Tag Archives: Second World War Fiction

Betrayal Background

Betrayal is book one in the forthcoming Ann’s War Mystery Series. The series, set in 1944-5, will comprise five novellas, each containing an individual mystery. Betrayal will be published before Christmas, hopefully free. Amazon control the prices on their websites so I require their approval to make the book free. More news about this and background on the series in the near future.

anns-war-cover-master

While researching the Ann’s War Mystery Series, I discovered these fascinating stories. In 1944 this Centaur tank was deployed on Morfa Beach, a location in the Ann’s War Mystery series, in preparation for D-Day because the sand and clay of Morfa Beach was similar to the beaches at Normandy. As you can see from the second picture, the tank sank into the sand.

Morfa Tank

Morfa Tank Sand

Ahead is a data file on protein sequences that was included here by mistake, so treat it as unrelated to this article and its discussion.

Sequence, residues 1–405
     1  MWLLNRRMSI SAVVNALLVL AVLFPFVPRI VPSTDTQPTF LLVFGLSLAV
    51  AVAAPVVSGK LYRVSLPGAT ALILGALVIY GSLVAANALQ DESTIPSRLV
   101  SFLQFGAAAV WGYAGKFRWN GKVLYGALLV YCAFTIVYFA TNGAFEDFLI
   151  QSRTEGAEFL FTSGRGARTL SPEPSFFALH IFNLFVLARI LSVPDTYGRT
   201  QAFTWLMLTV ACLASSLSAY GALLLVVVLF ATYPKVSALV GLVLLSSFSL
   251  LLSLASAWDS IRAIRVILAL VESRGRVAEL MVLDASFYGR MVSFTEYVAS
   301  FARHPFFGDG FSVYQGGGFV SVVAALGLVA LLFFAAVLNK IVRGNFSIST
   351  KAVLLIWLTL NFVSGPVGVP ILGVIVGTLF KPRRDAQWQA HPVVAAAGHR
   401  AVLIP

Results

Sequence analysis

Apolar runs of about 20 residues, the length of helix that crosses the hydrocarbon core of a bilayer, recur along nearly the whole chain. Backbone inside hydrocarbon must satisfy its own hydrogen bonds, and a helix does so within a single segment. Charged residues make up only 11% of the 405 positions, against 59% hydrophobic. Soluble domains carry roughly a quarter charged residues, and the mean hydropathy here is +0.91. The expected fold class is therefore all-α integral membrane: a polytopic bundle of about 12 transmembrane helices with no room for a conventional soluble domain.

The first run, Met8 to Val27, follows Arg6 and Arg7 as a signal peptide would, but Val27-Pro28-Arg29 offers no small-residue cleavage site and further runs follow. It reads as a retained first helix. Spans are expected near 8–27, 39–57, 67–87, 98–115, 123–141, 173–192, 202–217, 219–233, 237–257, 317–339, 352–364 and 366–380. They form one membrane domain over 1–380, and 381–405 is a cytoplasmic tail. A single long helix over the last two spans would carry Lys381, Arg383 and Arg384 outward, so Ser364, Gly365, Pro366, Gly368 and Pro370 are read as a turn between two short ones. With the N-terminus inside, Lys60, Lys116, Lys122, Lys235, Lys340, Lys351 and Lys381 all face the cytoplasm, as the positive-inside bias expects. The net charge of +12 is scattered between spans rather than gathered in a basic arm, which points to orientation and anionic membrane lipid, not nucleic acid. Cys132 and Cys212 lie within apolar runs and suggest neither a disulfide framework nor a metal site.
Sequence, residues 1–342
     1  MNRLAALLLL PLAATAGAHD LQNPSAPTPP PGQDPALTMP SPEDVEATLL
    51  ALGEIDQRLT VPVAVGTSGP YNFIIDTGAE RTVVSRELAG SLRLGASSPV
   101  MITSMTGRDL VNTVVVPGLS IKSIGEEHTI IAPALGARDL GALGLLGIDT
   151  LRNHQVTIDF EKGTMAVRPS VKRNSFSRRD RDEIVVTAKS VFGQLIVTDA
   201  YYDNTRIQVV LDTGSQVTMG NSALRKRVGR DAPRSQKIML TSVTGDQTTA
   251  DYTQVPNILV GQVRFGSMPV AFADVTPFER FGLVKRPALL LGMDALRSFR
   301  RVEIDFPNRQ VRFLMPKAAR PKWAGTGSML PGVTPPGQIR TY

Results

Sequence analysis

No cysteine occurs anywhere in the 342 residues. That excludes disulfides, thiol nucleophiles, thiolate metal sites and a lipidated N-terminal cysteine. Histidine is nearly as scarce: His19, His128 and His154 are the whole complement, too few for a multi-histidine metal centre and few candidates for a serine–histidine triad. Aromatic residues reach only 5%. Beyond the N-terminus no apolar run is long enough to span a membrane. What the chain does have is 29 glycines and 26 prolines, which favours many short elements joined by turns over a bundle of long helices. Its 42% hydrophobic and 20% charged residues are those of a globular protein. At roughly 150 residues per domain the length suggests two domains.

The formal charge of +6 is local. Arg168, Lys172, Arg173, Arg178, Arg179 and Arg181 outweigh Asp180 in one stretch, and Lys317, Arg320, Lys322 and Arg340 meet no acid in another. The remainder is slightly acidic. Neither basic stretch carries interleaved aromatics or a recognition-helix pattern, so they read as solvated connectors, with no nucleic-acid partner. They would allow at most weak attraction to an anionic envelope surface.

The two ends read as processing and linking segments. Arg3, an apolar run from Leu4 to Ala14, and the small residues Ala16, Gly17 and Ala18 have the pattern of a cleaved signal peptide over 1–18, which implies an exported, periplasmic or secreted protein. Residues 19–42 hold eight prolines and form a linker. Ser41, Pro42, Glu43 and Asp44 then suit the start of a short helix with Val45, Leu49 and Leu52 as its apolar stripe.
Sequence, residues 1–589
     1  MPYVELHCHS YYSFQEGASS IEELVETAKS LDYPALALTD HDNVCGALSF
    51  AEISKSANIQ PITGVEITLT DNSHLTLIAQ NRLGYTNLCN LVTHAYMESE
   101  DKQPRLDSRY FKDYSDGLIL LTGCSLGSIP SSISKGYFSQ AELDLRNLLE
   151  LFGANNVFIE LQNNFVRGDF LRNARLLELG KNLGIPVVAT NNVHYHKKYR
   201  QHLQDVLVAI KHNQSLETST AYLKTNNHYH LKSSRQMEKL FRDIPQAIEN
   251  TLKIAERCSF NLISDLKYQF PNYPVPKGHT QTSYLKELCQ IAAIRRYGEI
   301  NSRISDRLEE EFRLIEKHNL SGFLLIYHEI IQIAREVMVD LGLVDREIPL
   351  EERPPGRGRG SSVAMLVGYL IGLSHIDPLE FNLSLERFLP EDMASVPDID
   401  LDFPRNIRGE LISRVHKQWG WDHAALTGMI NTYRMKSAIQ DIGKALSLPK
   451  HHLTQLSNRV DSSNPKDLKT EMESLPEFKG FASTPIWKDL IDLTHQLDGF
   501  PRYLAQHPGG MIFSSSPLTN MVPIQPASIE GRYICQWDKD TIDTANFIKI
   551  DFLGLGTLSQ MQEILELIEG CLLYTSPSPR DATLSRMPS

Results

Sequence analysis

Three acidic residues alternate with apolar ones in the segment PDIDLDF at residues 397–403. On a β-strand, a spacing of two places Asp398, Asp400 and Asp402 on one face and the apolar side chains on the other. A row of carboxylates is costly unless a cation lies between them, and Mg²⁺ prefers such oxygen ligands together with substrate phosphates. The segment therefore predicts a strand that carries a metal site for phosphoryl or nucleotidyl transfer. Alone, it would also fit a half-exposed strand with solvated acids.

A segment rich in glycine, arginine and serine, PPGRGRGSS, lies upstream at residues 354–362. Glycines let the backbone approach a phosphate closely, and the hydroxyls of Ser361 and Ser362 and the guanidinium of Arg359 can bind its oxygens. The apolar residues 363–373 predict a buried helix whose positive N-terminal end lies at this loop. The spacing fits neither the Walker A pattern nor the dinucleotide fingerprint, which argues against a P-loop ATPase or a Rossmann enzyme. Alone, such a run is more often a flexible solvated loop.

Furthermore, in 1943, the propaganda film, Nine Men, was made on location at Morfa Beach by Ealing Studios. On this occasion, Morfa Beach represented the Libyan desert. Men from the South Wales Borderers and London Irish Rifles were employed as extras to play soldiers on both sides. In the closing scene, a company of these men relieved the nine men of the title who had been under attack from the ‘Italians’. You can see a short extract from the film, including a glimpse of the beach, below.

 

 

 

 

 

Casablanca

My Ann’s War mini series is a mystery series set against the backdrop of the Second World War and the Home Front. The first story, Betrayal, is set in March 1944. During that month, Casablanca, one of the most popular films of the war, and of all time, won Best Picture at the Sixteenth Academy Awards.

CasablancaPoster-Gold

One of the lines most closely associated with the film, “Play it again, Sam”, was not actually said. The line is, “Play it once, Sam, for old time’s sake.” And, “Play it, Sam. Play ‘As Time Goes By’.”

Another famous line from the film is, “Here’s looking at you, kid.” That line was not written into the draft screenplays, but has since been attributed to a comment Humphrey Bogart made to Ingrid Bergman as he taught her poker between takes.